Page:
Quite a few years ago now, I was a student in the University of Life, busy getting my Masters Degree in Pain Avoidance, when I became suddenly and inexplicably interested in all things Carl Jung. It all hung on one comment that I found myself reading and re-reading about a zillion times.
'There is no substitute for legitimate suffering'. Well, that's a rough translation anyway.
I remember at the time thinking it was the most depressing thing I'd ever read, apart from my school maths report that is, but as I came to understand what that meant, something about it resonated and took root deep within. But at this time, suffering my aversions to my past, being called to face my demons square on obviously had me running a mile in the opposite direction.
My subconscious was fully in the driving seat and being that it runs 97% of the show and has the top job of keeping us safe, there was no way I was looking at that shizzle. It doesn’t matter to the subconscious how we achieve protection from emotional pain, only that we achieve it, even if our methods of avoidance are ultimately, and sometimes irreversibly, damaging to us, whether you’re injecting yourself with heroin, gambling away thousands of pounds, having sex with umpteen strangers or starving/overeating/purging, these are all strategies for pain avoidance.
My strategies, as with most that are continued over a sustained period, were slowly killing me. Keeping the monster from under my bed was destroying me, eroding whoever me was, in fact the monster had decided to accompany me every waking moment.
Time to kill it or it would kill me.
BUT first I needed a ‘toolkit’.
Discovering what was a set of tailored strategies and systematically applying it made it safe to start looking at the events in my life that had programmed my emotional software.
Recently, as I reluctantly ticked the lockdown task box of filing and clearing space, I came across, at first glance, what appeared to be a lovely handwritten note on Winnie the Pooh paper from 1981. I was 11.
The contents of the letter were full disclosure of the obsessions driving me, my latest diet, my current weight, and a meticulous list of that day’s food consumed, all dismissed gaily with the parting ‘Must be flying!’. So, 39 years ago, there it was – my first and probably most abused method of pain avoidance. Food. It’s a biggie, for me and universally increasingly so for many adults and children. In the US eating disorders are second only to opioid overdose (yep, yet another strategy to dodge feeling pain) with one death every 52 minutes.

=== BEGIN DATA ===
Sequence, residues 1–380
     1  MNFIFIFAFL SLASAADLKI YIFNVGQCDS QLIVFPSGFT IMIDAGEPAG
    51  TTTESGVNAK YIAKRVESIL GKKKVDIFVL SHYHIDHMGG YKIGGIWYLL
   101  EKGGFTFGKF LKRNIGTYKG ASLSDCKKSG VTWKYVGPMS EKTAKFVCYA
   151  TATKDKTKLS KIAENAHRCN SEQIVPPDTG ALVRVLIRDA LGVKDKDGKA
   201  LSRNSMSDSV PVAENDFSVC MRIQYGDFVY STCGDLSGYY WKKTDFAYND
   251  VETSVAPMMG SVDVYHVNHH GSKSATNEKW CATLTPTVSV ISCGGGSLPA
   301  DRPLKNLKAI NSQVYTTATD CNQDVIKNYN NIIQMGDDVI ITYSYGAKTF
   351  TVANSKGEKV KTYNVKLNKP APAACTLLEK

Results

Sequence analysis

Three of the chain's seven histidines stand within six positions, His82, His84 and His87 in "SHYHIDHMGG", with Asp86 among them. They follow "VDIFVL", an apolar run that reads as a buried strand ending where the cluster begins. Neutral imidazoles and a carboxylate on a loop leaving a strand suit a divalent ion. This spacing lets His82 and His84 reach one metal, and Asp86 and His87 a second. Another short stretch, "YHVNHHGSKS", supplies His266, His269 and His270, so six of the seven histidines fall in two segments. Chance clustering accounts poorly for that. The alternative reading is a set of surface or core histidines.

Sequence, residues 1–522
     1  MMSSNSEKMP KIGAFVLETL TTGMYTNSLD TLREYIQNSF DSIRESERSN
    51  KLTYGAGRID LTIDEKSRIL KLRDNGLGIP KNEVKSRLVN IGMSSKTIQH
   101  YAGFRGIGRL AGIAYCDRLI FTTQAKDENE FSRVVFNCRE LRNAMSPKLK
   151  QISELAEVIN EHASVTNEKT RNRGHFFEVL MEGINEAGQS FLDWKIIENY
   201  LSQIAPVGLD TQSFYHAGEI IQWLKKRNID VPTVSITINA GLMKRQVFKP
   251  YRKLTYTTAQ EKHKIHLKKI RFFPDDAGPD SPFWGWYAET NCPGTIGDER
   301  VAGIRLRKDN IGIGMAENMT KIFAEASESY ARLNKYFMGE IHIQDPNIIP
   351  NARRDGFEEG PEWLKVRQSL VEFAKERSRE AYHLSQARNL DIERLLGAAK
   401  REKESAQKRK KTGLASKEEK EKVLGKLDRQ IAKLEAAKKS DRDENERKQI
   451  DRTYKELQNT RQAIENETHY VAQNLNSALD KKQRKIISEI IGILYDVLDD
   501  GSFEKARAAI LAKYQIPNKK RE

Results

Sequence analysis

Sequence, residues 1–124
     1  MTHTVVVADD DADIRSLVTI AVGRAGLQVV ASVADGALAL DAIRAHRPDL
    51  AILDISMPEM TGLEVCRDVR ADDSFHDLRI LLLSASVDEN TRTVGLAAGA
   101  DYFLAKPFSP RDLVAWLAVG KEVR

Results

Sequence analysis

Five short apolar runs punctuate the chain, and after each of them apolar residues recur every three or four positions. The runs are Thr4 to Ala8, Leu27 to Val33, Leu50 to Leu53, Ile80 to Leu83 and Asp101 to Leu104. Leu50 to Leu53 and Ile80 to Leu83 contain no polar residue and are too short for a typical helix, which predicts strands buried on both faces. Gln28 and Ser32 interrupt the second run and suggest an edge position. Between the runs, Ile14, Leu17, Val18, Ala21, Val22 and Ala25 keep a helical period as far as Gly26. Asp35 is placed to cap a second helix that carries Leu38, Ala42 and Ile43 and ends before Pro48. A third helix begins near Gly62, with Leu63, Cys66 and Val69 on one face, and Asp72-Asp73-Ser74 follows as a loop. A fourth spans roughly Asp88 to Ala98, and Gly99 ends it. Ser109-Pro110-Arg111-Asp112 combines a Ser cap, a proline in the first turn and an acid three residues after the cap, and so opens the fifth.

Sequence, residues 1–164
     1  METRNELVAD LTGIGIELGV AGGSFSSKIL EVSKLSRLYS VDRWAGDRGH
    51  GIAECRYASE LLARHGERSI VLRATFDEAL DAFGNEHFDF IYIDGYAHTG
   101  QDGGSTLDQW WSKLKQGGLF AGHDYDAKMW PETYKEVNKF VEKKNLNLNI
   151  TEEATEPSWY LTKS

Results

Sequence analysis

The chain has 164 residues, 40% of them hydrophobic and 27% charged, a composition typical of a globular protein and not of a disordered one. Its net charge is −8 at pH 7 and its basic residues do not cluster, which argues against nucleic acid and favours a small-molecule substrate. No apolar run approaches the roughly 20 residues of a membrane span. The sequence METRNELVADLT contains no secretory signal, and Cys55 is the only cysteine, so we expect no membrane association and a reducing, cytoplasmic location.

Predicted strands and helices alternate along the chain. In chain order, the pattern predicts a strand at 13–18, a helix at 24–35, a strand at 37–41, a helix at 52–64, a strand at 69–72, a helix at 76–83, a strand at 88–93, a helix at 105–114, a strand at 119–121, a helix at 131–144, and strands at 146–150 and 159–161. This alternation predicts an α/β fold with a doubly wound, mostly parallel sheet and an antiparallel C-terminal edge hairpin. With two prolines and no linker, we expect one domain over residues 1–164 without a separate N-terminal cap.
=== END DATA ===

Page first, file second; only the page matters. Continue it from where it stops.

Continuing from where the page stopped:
So began my journey to expertise in this field. I didn’t have just one type of eating disorder; I did the full 12 rounds with ALL of them. Within this framework I weaved some alcohol abuse, but I spent far too long hugging toilet bowls in bathrooms at random parties listening to the shouts of disgruntled, desperate for a wee party goers, for this to be enjoyable or efficient. Then, I moved swiftly into a sojourn with drugs, then free-fell back to food again. This time it was serious and included hospitals. Then shopping addictions, crippling credit card debt, over exercising, all beautifully supported by some rollercoaster relationships with avoidant men.
Told you I had a master’s degree in Pain avoidance.
So, the day arrives. I know it’s time. Just me, my toolbox, and the mantra, EVOLVE OR REPEAT.
By this time, I have a family. Repeat just doesn’t feel like an option.
So, I start to unpack this suitcase and look at its contents.
Bizarrely and completely unexpectedly I started to enjoy it. Carl Jung was right, there really is no substitute for legitimate suffering! However, far from being depressing, it was a revelation! I realised that in avoiding my pain, I had created SO MUCH MORE PAIN. It was like I was snipping wire after wire of a time bomb, using this toolbox to gradually rewire my neural circuitry to one that was safe. At times there were things in that suitcase that were golden. Learnings and blessings. For example, my addiction to exercise? Well, that became a beautiful and nurturing career through which I’ve forged many important relationships that I still enjoy today.
My learning through therapies also inspired me to make career choices in the therapeutic profession, and now I guide others to look at what curiosities they may have lurking in their own suitcases.
What's in yours?